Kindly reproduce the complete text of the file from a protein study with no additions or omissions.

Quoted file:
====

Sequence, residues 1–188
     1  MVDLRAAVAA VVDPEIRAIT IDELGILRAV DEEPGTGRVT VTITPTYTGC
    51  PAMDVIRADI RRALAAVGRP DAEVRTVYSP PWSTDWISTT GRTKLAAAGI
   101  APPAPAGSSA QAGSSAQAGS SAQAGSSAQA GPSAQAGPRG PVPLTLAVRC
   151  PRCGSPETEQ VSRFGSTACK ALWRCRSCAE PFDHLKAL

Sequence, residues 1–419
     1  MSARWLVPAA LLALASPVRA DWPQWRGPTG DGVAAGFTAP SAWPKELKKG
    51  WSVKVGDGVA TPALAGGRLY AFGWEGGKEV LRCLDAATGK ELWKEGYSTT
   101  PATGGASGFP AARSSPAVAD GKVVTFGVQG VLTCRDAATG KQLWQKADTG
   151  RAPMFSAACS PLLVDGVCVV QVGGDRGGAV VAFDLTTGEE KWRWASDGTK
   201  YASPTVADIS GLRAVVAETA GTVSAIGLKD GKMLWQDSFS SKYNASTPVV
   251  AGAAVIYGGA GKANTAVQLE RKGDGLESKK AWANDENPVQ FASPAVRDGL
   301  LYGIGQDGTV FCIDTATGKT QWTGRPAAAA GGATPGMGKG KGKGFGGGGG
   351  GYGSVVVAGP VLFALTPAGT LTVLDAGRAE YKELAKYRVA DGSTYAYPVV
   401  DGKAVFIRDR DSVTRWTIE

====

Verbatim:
Sequence, residues 1–188
     1  MVDLRAAVAA VVDPEIRAIT IDELGILRAV DEEPGTGRVT VTITPTYTGC
    51  PAMDVIRADI RRALAAVGRP DAEVRTVYSP PWSTDWISTT GRTKLAAAGI
   101  APPAPAGSSA QAGSSAQAGS SAQAGSSAQA GPSAQAGPRG PVPLTLAVRC
   151  PRCGSPETEQ VSRFGSTACK ALWRCRSCAE PFDHLKAL

Sequence, residues 1–419
     1  MSARWLVPAA LLALASPVRA DWPQWRGPTG DGVAAGFTAP SAWPKELKKG
    51  WSVKVGDGVA TPALAGGRLY AFGWEGGKEV LRCLDAATGK ELWKEGYSTT
   101  PATGGASGFP AARSSPAVAD GKVVTFGVQG VLTCRDAATG KQLWQKADTG
   151  RAPMFSAACS PLLVDGVCVV QVGGDRGGAV VAFDLTTGEE KWRWASDGTK
   201  YASPTVADIS GLRAVVAETA GTVSAIGLKD GKMLWQDSFS SKYNASTPVV
   251  AGAAVIYGGA GKANTAVQLE RKGDGLESKK AWANDENPVQ FASPAVRDGL
   301  LYGIGQDGTV FCIDTATGKT QWTGRPAAAA GGATPGMGKG KGKGFGGGGG
   351  GYGSVVVAGP VLFALTPAGT LTVLDAGRAE YKELAKYRVA DGSTYAYPVV
   401  DGKAVFIRDR DSVTRWTIE